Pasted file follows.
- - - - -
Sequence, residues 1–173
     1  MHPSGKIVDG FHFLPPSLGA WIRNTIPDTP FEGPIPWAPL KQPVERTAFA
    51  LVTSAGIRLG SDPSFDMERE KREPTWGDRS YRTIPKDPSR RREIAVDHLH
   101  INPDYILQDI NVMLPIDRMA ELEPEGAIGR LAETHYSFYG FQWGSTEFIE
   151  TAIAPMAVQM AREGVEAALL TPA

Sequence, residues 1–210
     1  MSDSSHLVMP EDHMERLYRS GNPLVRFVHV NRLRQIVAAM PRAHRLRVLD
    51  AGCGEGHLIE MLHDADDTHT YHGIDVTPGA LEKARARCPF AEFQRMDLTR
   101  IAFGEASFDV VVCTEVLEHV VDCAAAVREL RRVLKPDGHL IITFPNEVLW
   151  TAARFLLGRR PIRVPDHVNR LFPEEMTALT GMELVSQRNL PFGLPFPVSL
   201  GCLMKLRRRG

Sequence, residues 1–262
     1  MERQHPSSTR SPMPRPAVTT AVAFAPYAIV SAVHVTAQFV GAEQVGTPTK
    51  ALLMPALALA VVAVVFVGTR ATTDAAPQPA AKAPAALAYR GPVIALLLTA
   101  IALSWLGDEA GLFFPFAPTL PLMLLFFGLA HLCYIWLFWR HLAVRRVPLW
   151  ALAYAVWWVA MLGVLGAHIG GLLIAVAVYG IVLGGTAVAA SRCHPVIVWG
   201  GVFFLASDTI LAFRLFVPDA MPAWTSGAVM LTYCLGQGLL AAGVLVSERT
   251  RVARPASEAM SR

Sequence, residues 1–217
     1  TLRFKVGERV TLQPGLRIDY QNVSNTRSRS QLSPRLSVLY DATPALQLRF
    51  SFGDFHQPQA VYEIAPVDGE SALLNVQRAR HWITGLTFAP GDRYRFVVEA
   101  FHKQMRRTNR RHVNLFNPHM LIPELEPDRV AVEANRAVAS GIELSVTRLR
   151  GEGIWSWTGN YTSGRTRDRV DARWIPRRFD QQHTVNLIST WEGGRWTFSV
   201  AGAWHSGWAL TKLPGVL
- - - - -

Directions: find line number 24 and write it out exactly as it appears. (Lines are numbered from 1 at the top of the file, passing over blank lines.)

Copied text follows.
   201  AGAWHSGWAL TKLPGVL